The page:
Type 1.5

By Turtle Latest Reply 2010-01-12 09:51:12 -0600
Started 2010-01-10 11:49:32 -0600

I saw a post that referred to 1.5 diabetes. Is it real? I never heard of it before.


18 replies

Turtle 2010-01-11 21:41:44 -0600 Report

Maria - you dont have to 'shut up' i am the one who should not have even asked the question.
back in my shell…Turtle

AddassaMari 2010-01-12 09:08:00 -0600 Report

Well that's the point of this forum, right, to ask questions, get answers and share knowledge and encouragement. By shut up I meant that I would not post any more on the subject.

mamaoak 2010-01-12 09:51:12 -0600 Report

turtel dont you dare sut up that is what we are her for to listen learn read and coment hugs cathy

Turtle 2010-01-10 17:17:17 -0600 Report

well thank you everyone. I feel so stupid for asking now. Some of you got a real kick that I did not know.

I think I will just go off line for a few days. Bye for now.

AddassaMari 2010-01-11 01:57:04 -0600 Report

Hi Turtle, I hope my answer did not make you or anyone else feel stupid. That was not and will never be my intention when I post anything. But I will apologize to anyone who feels that I am making them feel stupid. I will shut up now.

AddassaMari 2010-01-10 14:38:47 -0600 Report

I posted that article. Researchers in Australia, based on symptoms, have coined the a term diabetes Type 1.5 or "latent auto immune diabetes in adulthood – LADA, which in fact is the same disease that children and adolescents develop requiring insulin. It just comes on several decades later."

This is different from Gestational Diabetes, which is found for the first time when a woman is pregnant. There is an article in Diabetes Care Magazine about Type 1.5, but it is very technical.

Here is a link: http://care.diabetesjournals.org/ Search for a diabetes type 1.5 and look for the article titled "GAD65 Antibody Epitope Patterns of Type 1.5 Diabetic Patients Are Consistent With Slow-Onset Autoimmune Diabetes" 4th article down the list.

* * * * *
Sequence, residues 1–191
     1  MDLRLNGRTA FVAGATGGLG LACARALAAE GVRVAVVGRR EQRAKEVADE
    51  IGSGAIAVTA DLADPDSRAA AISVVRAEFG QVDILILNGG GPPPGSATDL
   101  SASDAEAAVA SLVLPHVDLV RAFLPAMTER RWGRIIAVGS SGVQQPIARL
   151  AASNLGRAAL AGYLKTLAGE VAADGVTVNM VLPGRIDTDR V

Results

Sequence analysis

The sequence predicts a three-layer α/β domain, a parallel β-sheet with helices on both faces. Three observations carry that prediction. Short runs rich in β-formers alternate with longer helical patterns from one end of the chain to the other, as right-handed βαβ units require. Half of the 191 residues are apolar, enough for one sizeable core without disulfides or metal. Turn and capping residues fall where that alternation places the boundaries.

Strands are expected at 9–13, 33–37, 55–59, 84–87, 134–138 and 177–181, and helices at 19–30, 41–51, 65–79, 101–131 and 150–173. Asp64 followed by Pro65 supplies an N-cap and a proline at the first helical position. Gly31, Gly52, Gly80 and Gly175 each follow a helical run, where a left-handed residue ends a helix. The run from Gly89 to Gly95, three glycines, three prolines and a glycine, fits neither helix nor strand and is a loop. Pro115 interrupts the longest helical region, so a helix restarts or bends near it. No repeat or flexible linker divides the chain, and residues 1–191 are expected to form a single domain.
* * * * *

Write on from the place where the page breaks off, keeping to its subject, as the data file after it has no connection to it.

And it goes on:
So there are four recognized types of diabetes, Type 1, Type 1.5, Type 2, and Gestational Diabetes, in Australia any way.

kdroberts 2010-01-10 15:05:09 -0600 Report

Exactly. I think it's kind of a strange designation really since it really is type 1, just the onset and requirement for insulin is very, very slow compared to type 1. Years instead of days/weeks for type 1's. It's thought that around 20% of people diagnosed with type 2 may actually be type 1.5 because the need for insulin was not immediate and the need for insulin after several years is put down to the progression of type 2. Some simple tests for various antibodies (insulin, GAD65, GAD67, etc) can help confirm a diagnosis.

As said, it's not the same as gestational at all.

kdroberts 2010-01-10 15:27:04 -0600 Report

You also have MODY which has a number of different sub types and (maybe) type 3.

AddassaMari 2010-01-10 15:34:05 -0600 Report

What does MODY stand for?

AddassaMari 2010-01-10 16:35:34 -0600 Report

I see where there are nine different chromosomal mutation for MODY and is not a single entity but represents genetic, metabolic, and clinical heterogeneity (variability in the participants, interventions and outcomes studied). Interesting…

spiritwalker 2010-01-10 14:28:32 -0600 Report

We used the term to 1.5 for a woman who developed gestational diabetes while carrying a child. Many times
gestational diabetes ends with the delivery or shortly there after. Thus 1.5. I have only heard the term used in medical
settings such as a hospital.

paulbudman 2010-01-10 11:53:55 -0600 Report

Someone made reference to the three types of diabetes, the obvious type 1 and 2…and someone made the comment of the third being 1.5. Of coarse we know it's gestational.

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